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Battles in Cyberspace: How Cyberwar is Getting Serious

Battles in Cyberspace: How Cyberwar is Getting Serious

 

Hollywood loves hackers. The movies are great at turning a guy in a darkened room or a glowing terminal into a heart-pounding action thriller. The reality of hacking is usually less exciting—and more serious. Today’s hackers don’t just steal dollars and identities; they endanger lives by holding hospitals ransom and hacking into power plants.

The growth of the Internet into the Internet of Things, and especially the Industrial Internet of Things, means that the real-world consequences of cyberattacks are serious. As a result, NATO recognized cyberspace as a potential site for war in June, after confirming in 2014 that electronic attacks on a member could trigger a collective response, and the United States plans to increase the authority and responsibility of the US Cyber Command, making its status similar to that of the Army, Navy, and Air Force.

In effect, the US now views cyberspace as a real territory that merits defending the same way that the Pacific Command protects the Asia-Pacific region.

Every War is a Cyber War

The military has always been involved when new territories were opened, whether it’s land, sea, air, or space. The growing dependence on online resources led to the creation of the U.S. Cyber Command in 2010. The command operates out of Fort Meade, the same location as the National Security Agency.

Cyber Command’s responsibilities include securing the Department of Defense’s information technology, supporting combat commanders around the world, and providing the country with the ability to respond to online attacks.

The change in status will separate Cyber Command from the NSA, making it clearer that online defensive and offensive operations are separate from intelligence gathering and monitoring. The increase in emphasis on operations is important, as the admiral in charge of Cyber Command testified last year that “Every conflict in the world today has a cyber dimension.”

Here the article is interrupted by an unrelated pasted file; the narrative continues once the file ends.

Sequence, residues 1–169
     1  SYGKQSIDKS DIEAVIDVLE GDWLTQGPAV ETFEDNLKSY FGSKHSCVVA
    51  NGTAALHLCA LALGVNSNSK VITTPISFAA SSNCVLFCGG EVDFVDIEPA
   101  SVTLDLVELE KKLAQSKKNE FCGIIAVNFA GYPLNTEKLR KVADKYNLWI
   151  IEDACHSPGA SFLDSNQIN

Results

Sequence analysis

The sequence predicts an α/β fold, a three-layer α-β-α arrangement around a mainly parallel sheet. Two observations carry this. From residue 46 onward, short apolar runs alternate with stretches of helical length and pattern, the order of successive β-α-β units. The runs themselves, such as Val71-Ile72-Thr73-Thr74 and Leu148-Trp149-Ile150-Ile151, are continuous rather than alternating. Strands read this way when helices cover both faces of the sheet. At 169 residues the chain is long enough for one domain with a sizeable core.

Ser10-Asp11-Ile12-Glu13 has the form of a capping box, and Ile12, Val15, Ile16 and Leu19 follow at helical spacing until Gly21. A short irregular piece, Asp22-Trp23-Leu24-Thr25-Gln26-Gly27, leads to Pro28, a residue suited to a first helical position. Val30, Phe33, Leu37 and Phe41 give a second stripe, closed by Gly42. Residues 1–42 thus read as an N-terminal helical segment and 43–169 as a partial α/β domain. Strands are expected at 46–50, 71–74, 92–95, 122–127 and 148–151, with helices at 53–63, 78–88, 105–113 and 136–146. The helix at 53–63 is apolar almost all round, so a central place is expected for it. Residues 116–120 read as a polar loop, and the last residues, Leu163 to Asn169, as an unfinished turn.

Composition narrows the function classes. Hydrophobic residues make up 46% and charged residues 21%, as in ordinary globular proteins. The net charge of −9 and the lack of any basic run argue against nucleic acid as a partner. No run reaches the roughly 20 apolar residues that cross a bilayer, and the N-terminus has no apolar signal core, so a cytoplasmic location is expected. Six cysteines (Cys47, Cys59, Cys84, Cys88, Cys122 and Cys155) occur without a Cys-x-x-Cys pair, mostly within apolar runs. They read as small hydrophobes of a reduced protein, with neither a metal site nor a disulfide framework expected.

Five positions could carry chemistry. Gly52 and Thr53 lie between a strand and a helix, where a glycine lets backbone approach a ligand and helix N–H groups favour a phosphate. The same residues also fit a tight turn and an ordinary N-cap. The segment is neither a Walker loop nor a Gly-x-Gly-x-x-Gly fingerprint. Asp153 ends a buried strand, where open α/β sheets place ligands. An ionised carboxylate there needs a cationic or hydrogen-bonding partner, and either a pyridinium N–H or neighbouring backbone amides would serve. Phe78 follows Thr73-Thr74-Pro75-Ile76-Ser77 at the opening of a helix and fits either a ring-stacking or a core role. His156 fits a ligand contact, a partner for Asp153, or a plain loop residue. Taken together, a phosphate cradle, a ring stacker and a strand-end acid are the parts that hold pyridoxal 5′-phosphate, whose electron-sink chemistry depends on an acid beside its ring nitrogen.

Cyberwar Started Long Before Everyone Was Online

While every conflict today may have a cyber dimension, that doesn’t mean that cyber war started yesterday. There were attempts to gain military advantage through hacking as far back as the late 1990s, when fewer than half of adults ever went online, and the rest didn’t think they were missing anything.

In 1999, the US formed a cyberwar team as part of the Serbian conflict, and Serbian hackers targeted NATO sites. Less than a decade later, in 2007, Estonia was targeted with attacks on government, banking, and communications sites, with many believing Russia was behind the actions. In 2009, the Stuxnet worm significantly damaged Iran’s ability to create enriched uranium. It’s widely believed Stuxnet was a joint project between the United States and Israel.

The US has been the victim in many attacks as well as an attacker. The US military was hacked in 2007. More recently, both the Office of Personnel Management and the Internal Revenue Service were hacked (the IRS being victimized more than once).  All of those attacks have been blamed on China, or at least Chinese hackers. Iran has reportedly attempted to hack both financial and physical infrastructure.

Russia, of course, was implicated in the recent hack of the Democratic National Committee. The increase in electronic voting has also added to concerns about the security of the election process.

The Risks of Cyberwar

So the perils of cyberwar are evident, and growing. Cyber Command isn’t waiting for a change in its status to bump up the cyberwar against ISIS. It’s no longer trying simply to interfere with their propaganda, but broadly attacking their digital capabilities. A defense secretary described it as “dropping cyberbombs.”

One of the big risks with any kind of battle is escalation; that’s why there are norms and treaties that restrict the use of weapons of mass destruction. There are no treaties regarding cyberspace. Edward Snowden—who notoriously revealed many of the NSA’s secrets—has said, “I do agree that when it comes to cyber warfare, we have more to lose than any other nation on earth. The technical sector is the backbone of the American economy, and if we start engaging in these kind of behaviors, in these kind of attacks, we’re setting a standard, we’re creating a new international norm of behavior that says this is what nations do.”

The risk of nuclear material falling into the hands of terrorists has been a major concern since (and even before) 9/11. Now there’s also the risk that the cyberweapons will be turned against us. The risk isn’t just from another insider like Snowden; the NSA itself has been hacked. Like any weapon, once invented, steps need to be taken to keep the secrets safe.

The battle in cyberspace will undoubtedly continue to evolve. The United States isn’t the only country with a cyber command. And the cheap, easy access to hacking tools means it doesn’t take a cyber command with the resources of a country behind it to develop attacks on broad national targets. Download SentinelOne’s white paper, The Democratization of Nation-State Attacks to learn more about how the increased militarization of cyberspace will impact everyone’s cybersecurity.